Hi, I have done PC-controlled "Grow Labs" and will convert mine to Arduino next Summer when I get back to USA.
You might like to find these guys: http://yourduino.com/home-automation.htm
And when you get to controlling things like watering and passive and active ventilation you'll need to do "Arduino Power!"
Please let us know how your project goes!
DISCLAIMER: I mentioned stuff from my own Shop...
Regards, Terry King
...In The Woods In Vermont
This is another of those projects I have been wanting to get around to. I will at some point make an Arduino (smarter) version of this for night heating.
Hi Andrew, I too am interested in greenhouse automation. Have had any sucess with the soil moisture detection / measurement ? I would appreciate any information you can share.
Hi, I have not tried this one personaly, but I read this project (link below) where someone used two nails planted in the soil, and read the resistance between the two nails (the electricity will travel more free in wet soil, and less in dry soil). Tell me if it works or not
I think you would need two concucting plates to build al little capacity. Its value would depend from the moisture between it.
Sorry to bring up a somewhat dead thread, but google brings it up often for me... I made something along those lines that used temperature and humidity data to control relays as well as different timers. It used an arduino and connected computer system (I was also running motion security cameras on same server...).
All the sources are available at: https://github.com/pleasuretek/openGreenHouse . I am currently upgrading the project to the beaglebone, all sensor logging is put into a postgres database and the relays are controlled using gpio. Check out the version for arduino though, I feel like I took it as far as it could go ( I had started a version with RTC, and ethernet shield and sd card (csv data logging, and relay state machine)).
I am big into open sourcing the project, as I grow microgreens in greenhouses, and if we could record all of the environment data and feeding data, anyone could take the seeds and grow healthy food anywhere in the world, as long as they replicate the environment. Open source cropware (symbiosis of software, hardware, genetics, and community)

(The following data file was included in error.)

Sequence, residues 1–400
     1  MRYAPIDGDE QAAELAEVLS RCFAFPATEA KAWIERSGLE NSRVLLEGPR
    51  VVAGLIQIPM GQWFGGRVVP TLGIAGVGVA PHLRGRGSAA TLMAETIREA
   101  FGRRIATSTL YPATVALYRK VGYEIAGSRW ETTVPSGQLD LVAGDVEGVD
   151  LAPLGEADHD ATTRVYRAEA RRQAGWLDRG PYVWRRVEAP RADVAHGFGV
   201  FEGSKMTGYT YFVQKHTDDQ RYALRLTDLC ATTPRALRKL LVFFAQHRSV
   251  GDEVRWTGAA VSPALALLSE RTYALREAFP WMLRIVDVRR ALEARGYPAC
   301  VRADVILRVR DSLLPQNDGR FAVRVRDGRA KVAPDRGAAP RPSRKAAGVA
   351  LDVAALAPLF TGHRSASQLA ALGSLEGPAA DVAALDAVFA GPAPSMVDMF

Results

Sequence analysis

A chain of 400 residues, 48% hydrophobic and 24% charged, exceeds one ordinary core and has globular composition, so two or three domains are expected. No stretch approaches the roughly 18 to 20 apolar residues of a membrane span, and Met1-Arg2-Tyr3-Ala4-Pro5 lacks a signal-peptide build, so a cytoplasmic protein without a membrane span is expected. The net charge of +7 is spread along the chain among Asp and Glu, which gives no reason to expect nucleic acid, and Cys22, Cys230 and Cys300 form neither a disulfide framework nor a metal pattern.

I used to grow Chilis in mine, and found that it`s Not a good idea to use metals in the soil as these will potentially contaminate it with metal salts, and/or form a oxide layer that will alter the readings over time making them less stable.
the best thing to use if Carbon (graphite) rods, these wont alter anything, And you can get them quite easily from most Welding suppliers as Gouging Rods, I used the 12mm diameter rods.
you must peel off the copper foil!
it`s easy to do with a knife to get started and the rest just peels off, you Can leave a bit of copper on the end to solder your wires to, but these must stay above the surface and idealy put some self amalgamting tape over the copper and wire join to prevent humidity corroding it.
These should last you for Years!
all the best
I fully agree about the using nails as moisture sensors. They will alter the metals (make unwanted salt buildup) and PH. I have seen professional sensors for this, but I still use the old fashioned way to tell how often to water or feed - test them by hand and know your genetics. Greenhouse automation can help with some things, but you will always have a long list of chores when caring for plants.
To my knowledge commercial growers do not measure soil water levels, aside from the issue of remembering to take the things out when harvesting, there are too many variables and potential contamination. They have trouble with soil temperature for much the same reasons. See priva.nl as a commercial agricultural control supplier.
Concentrate on temperature, humidity, light, and CO2 levels for your best crop.
Hi everyone, while surfing the nets I came across this website (which I think is absolutly wonderful by the way) and I just decided to post one of my project ideas and see if anyone has any input.
Im (attempting) to build an arduino controlled greenhouse (Garduino?). Right now I am just starting out with a basic temperature sensor ( a TC74A0 running throug an I2C bus) and a humidity sensor (its a capacitance humidity sensor, wired up to an astable 555 chip circut). In the future I am hoping to add relays that control heating elements of some sort, lights, and a humidifier, all of these would be adjusted with what the Arduino is getting from its sensors.
In the future I am planning to add a PH sensor, and soil dampness sensor.
So what do you guys think? Any suggestions for me?